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Collaboration, not divisiveness, required for solving problems like Wildlife Vehicle Collisions

 

written by Wanda Baxter, Program Manager, Watch for Wildlife NS - an Opinion piece/Letter to the Editor

Letter to the Editor/Opinion

I am writing for two reasons – first, to alert drivers to be especially vigilant on the roads at this time of year. Collisions with deer spike in October and November (approximately 40% more collisions with deer than at other times of year). It is rutting season which has them on the move, some deer also move to wintering areas, and hunting season can also cause deer to leave regions on the run or for safe cover. Deer on the move means more deer crossing roads, and more collisions – so please drive the speed limit, especially at dawn and dusk, with acute awareness that deer are more prevalent than usual.
 

The second reason I am writing is to bring attention to the complexity involved with trying to prevent wildlife vehicle collisions, and the collaboration needed across different organizations and disciplines. Recently a story was published (not in this publication) by a journalist who was concerned about the amount of roadkill he saw on his commute, and wondered how much wildlife is killed on our roads. He contacted me along with responsible authorities and the wildlife rescues to find out what he could. Unfortunately; though the story is a useful effort to find out what management and reporting processes there are in NS to record collisions and carcasses, and what is being done to reduce collisions; it also sets up a dichotomy between environmentalists and responsible authorities (in this case DNR and DOTIR Road Safety). This is a common format when issues that involve the environment are reported, but it often is not accurate or a useful set-up, and in this case it certainly isn’t.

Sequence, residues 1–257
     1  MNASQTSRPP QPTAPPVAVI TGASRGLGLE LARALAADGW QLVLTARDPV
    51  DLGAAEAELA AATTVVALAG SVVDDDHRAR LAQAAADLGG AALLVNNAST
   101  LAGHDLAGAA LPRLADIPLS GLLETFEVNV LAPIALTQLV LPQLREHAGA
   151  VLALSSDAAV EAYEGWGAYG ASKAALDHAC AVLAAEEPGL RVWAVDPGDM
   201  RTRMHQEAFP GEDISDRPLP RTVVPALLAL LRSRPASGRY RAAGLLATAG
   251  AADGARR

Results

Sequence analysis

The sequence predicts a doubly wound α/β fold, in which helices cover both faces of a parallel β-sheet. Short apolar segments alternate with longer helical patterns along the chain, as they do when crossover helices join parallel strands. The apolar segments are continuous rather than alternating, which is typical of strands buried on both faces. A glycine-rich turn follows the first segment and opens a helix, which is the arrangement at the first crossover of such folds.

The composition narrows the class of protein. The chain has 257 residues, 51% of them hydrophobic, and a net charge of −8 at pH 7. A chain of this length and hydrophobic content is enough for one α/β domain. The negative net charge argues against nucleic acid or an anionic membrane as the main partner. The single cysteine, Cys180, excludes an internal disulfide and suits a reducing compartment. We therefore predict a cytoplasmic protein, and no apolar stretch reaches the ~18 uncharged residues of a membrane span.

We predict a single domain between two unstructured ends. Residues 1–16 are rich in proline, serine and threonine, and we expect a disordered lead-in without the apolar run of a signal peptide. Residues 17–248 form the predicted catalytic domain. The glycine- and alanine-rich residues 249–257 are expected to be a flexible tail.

The question the reporter wanted to know was how much wildlife is killed on our roads, and how many are too many animals and birds killed? What he found was that the numbers we know are either not reported, underreported or not accurate, and comprehensive collision data is not compiled nor available. It is a problem, for sure, and we need to do more, but the solution is not simple or about one side identifying another side as a problem.
I spearheaded Watch for Wildlife NS with the Sierra Club Canada Foundation because there was an obvious missing public education and research piece that we could help to deliver. Instead of working separately and ‘against’ responsible authorities, we reached out to and have been working with both DNR and DOTIR Road Safety from first considering the need for Watch for Wildlife. Watch for Wildlife has also had input from both departments and Wildlife Rescues in the development of public education materials, and we are glad to have partial funding from DOTIR’s Road Safety Division.

It is unfortunate that a recent article painted a different picture: one of challenge and divisiveness. As a society, we have only really begun to recognize the extent of the impacts of driving and road building on wildlife and habitat connectivity, human safety and the economy in the last 20 years. Identifying how best to reduce wildlife vehicle collisions and implement mitigation measures is complicated and expensive – and it will take cooperation across departments and organizations and require a range of different approaches and skill sets to enact. Working together is needed to deal with the widespread and pervasive nature of such problems as wildlife vehicle collisions and other impacts of linear transportation systems on nature (and us). Watch for Wildlife NS is working to raise awareness of how drivers can be more aware of wildlife on roads, how to prevent collisions, and how best to respond to collisions if they occur. This work is being done to enhance the work of DNR and DOTIR Road Safety, and is being done with their input. It’s going to take a lot of work and collective effort to minimize the impacts of our transportation systems on nature, and we are glad to work with responsible authorities and other organizations to do our part.

For information about Watch for Wildlife NS and wildlife collision prevention and associated research see www.watchforwildlife.ca. There are also links there for the DNR and DOTIR wildlife hotlines, as well as contact information for Nova Scotia Wildlife Rescues.

Please drive Safely, watch your speed, and be especially wary of deer on the roads at this time of year.

Wanda Baxter
Watch for Wildlife NS
Sierra Club Canada Foundation
 

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